Mayor Bill de Blasio unveiled a plan yesterday to make the Big Apple the world's greenest metropolis.
About 3,000 schools, government offices and other city buildings will be retrofitted over the next 10 years to reduce greenhouse gas emissions.
The mayor estimated that 3.4 million metric tons of gas a year will be eliminated and it will save the city $8.5 billion by 2025. "Only by ratcheting up our standards and demanding more of ourselves and making more radical changes are we going to save the day. It is possible," he told reporters before he participated in the People's Climate March through the city yesterday.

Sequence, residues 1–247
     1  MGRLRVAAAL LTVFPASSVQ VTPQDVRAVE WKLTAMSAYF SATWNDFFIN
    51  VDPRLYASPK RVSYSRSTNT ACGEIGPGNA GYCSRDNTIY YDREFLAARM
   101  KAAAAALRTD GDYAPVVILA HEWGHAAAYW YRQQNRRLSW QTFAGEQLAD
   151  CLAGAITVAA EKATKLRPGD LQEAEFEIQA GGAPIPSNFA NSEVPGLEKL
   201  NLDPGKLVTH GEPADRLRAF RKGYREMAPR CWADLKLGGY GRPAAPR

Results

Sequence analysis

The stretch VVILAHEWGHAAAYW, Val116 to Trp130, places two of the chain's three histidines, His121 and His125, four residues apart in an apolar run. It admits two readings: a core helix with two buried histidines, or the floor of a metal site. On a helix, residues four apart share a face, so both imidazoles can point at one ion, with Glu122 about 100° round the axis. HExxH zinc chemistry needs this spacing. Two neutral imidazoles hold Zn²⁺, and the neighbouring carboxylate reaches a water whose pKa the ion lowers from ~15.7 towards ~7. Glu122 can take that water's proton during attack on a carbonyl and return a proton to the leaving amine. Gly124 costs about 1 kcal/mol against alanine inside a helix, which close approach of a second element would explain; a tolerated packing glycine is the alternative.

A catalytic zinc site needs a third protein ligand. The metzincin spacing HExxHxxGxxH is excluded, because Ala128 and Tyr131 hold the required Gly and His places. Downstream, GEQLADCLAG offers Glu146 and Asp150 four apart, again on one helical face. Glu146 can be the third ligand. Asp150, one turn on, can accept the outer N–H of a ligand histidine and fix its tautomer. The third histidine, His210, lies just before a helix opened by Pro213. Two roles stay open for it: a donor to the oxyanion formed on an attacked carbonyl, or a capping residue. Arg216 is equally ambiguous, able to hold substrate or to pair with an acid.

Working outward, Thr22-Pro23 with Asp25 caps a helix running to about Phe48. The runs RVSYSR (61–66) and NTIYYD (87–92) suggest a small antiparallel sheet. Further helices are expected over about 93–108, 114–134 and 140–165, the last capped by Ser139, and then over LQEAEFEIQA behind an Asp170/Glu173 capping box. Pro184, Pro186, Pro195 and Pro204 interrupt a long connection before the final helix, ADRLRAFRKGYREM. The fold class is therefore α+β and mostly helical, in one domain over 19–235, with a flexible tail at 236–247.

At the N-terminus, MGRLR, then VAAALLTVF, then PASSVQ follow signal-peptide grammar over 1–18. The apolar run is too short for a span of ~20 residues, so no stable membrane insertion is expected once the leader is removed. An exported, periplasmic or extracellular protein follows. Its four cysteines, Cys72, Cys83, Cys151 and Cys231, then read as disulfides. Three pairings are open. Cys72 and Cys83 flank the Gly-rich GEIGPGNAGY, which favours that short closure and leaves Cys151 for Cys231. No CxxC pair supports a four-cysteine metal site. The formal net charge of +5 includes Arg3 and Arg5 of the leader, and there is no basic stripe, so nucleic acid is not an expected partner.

As part of the proposal, de Blasio said that his administration will work with the private sector to help them adapt their properties as well.
The mayor set forth a long-term goal to reduce greenhouses gas emissions in the city by 80% by 2050, and said he was confident future policies will help meet this deadline.
City Councilman Donovan Richards, who chairs the environmental committee, said the building retrofit plan was a great step in the right direction.
"It's a win for New York City, it's a win for the communities who have been looking for this," said the councilman, who represents the Rockaways.